Rowland budget plan would cut student aid

If the Connecticut Legislature approves Gov. John Rowland’s proposals for dealing with the state budget deficit, Yale will have to pony up over $750,000 in additional student financial aid next year.

One of the governor’s austerity measures would eliminate state aid to Connecticut residents who attend in-state universities with an endowment greater than $100 million.

The current Yale student body includes 104 Connecticut residents who receive some financial aid from the state, said Myra Smith, the University’s financial aid director. These students receive an average state award of $7,290, with the exact amount based on need, similar to federal financial aid grants.

Yale students who get the state grants do not need to worry about losing their funding, however. Smith said that Yale will make up the difference, requiring the University to allot more money for financial aid next year.

“Because Yale is committed to meeting the demonstrated need, we will replace any lost grant funds with Yale funds, and obviously that will increase the amount of money needed for financial aid,” she said.

State Rep. Patricia Dillon, a New Haven Democrat and a member of the Legislature’s Appropriations Committee, criticized the governor’s proposal, which would also affect Connecticut residents attending Trinity College, Fairfield University, Wesleyan University and the University of Connecticut.

“It looks like they are getting penalized for having a large donor base,” said Dillon, who has studied at the Yale School of Medicine and the School of Epidemiology and Public Health.

Smith said the Connecticut Conference of Independent Colleges is working on a response to the proposal on behalf of the schools involved.

Rowland also proposed cuts to the state’s public schools and to mental-health care programs. Dillon said she feels these cuts are also inappropriate because they are not cost-effective — cuts in mental health programs often lead to higher rates of incarceration and more money spent on the prison system.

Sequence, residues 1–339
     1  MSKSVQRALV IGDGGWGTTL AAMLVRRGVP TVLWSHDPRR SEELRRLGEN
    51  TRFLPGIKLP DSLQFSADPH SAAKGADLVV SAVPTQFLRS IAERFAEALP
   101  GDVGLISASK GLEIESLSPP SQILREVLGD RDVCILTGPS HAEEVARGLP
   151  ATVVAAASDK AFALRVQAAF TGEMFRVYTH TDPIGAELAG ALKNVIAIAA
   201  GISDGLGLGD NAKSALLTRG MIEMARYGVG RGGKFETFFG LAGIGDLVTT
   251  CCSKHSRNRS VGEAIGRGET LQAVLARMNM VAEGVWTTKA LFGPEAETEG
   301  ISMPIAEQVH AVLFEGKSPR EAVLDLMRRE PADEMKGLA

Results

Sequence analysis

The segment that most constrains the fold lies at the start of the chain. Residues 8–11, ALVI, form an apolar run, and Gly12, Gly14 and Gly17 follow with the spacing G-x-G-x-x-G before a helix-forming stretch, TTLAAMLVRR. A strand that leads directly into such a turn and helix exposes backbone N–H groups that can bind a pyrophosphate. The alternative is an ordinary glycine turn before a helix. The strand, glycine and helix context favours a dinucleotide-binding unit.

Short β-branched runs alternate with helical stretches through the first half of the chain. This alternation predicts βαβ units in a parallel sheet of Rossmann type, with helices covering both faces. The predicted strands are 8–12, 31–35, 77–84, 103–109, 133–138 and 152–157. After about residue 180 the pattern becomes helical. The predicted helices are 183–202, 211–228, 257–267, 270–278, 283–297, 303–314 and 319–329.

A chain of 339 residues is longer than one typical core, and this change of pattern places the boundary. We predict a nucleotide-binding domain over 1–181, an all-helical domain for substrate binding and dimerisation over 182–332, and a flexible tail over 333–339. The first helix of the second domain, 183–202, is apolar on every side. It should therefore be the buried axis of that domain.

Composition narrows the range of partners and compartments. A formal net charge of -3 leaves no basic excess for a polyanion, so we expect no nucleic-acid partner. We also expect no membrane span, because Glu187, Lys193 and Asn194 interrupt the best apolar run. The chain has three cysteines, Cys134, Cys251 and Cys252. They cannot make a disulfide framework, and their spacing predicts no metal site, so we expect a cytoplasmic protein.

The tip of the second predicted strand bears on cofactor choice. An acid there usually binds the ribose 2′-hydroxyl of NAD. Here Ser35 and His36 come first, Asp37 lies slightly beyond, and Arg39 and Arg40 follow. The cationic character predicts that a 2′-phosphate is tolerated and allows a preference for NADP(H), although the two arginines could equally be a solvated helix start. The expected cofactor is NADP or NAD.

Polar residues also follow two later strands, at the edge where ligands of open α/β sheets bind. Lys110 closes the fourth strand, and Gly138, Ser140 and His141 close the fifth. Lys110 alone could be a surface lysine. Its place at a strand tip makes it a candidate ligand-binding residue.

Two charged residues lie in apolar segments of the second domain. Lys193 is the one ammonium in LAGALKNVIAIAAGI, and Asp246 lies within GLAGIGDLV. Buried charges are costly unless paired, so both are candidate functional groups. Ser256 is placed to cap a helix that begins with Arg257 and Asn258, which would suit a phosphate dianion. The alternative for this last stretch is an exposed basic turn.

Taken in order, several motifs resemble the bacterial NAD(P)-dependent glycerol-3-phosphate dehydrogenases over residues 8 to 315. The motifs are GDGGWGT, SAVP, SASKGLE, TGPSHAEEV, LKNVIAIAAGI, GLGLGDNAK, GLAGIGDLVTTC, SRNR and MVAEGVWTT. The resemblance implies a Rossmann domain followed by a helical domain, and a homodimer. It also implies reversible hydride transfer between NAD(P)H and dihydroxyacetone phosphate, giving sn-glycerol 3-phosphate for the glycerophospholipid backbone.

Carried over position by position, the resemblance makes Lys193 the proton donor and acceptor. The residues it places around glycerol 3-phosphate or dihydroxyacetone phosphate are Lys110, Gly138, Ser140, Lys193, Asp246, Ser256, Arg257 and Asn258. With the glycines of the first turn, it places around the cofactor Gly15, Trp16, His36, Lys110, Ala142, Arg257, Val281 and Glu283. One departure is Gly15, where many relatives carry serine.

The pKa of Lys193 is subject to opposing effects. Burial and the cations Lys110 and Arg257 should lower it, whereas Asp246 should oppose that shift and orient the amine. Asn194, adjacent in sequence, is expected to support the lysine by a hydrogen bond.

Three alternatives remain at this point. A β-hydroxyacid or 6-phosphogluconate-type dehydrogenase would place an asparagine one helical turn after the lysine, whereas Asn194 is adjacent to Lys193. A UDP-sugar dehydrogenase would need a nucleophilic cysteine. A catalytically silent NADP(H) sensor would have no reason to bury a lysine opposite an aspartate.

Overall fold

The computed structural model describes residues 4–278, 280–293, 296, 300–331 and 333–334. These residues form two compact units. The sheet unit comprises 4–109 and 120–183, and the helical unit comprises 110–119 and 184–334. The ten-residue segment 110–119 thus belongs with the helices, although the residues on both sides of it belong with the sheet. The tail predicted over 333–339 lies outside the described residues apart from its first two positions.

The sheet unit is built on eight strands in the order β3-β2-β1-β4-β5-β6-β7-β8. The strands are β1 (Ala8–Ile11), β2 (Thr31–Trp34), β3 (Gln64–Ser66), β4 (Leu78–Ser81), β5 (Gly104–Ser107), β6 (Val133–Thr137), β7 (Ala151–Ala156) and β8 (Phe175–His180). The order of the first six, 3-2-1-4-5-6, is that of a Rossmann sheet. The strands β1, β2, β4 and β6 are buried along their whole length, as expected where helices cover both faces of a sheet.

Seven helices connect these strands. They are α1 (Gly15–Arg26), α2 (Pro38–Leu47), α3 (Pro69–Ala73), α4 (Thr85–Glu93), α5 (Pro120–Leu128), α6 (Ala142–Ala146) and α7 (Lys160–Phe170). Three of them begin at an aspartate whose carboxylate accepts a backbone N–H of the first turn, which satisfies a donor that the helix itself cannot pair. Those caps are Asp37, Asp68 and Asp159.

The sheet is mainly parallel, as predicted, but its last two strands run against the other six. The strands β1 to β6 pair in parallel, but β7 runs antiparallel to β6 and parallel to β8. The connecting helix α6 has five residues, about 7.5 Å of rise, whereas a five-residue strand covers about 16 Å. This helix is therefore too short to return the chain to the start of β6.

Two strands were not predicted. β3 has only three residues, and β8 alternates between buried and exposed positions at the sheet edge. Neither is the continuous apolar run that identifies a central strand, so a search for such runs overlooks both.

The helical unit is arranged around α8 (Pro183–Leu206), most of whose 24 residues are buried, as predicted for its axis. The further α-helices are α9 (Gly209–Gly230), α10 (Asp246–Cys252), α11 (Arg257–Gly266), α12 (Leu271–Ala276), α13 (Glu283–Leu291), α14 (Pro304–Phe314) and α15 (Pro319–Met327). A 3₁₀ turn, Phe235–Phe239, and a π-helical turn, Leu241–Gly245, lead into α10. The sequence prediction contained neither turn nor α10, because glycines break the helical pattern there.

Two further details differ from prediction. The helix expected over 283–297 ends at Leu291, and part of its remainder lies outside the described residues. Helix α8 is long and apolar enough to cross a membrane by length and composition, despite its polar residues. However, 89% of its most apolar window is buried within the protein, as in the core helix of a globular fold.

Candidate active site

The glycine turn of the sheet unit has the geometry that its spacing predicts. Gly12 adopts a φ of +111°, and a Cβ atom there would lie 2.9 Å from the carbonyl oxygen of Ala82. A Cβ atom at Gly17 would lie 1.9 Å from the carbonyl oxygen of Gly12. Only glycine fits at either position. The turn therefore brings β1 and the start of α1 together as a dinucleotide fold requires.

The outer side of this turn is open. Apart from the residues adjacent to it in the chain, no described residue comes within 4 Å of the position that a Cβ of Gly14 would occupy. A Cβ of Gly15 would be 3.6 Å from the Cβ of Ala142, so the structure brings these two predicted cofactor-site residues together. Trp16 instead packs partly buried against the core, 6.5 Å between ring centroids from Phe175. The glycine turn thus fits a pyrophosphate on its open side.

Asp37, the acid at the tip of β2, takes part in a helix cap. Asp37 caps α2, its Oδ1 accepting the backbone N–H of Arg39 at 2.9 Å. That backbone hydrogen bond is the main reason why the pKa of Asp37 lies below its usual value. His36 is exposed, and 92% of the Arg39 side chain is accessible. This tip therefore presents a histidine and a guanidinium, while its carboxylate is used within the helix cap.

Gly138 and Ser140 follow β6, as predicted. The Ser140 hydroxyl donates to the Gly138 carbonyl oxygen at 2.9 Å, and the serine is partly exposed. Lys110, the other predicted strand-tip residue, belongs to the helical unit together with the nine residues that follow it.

The governor had also proposed to cut $16 million from transportation funding, but has since put it back in his proposal, said John Wallace, a spokesman for the state Department of Transportation.

Dillon said the proposed cut to public school funding would hit New Haven especially hard. Although the school district stands to lose $2.5 million, which Dillon described as a small percentage of the schools’ overall budget, she said that even a small decrease is harmful because New Haven schoolchildren are a “vulnerable group.”

Dillon also said the budget would not be in such dire straits if the state had done a better job of managing its finances, and she added that she thinks the actual numbers are even more dismal than the governor revealed last week.

She said Rowland has significantly overstated the amount of revenue the state has taken in this year. Among other reasons, she said, revenues are much lower than they should be because several corporations based in Connecticut have transferred their assets to out-of-state tax shelters and are no longer paying as much to the state.

Dillon said she is planning on fighting Rowland’s recommendations when they come before the Appropriations Committee.

But she doesn’t expect it to be easy. The evening before a subcommittee meeting to discuss the budget, Dillon watched “Buffy the Vampire Slayer” on television.

“It’s good preparation,” she said.

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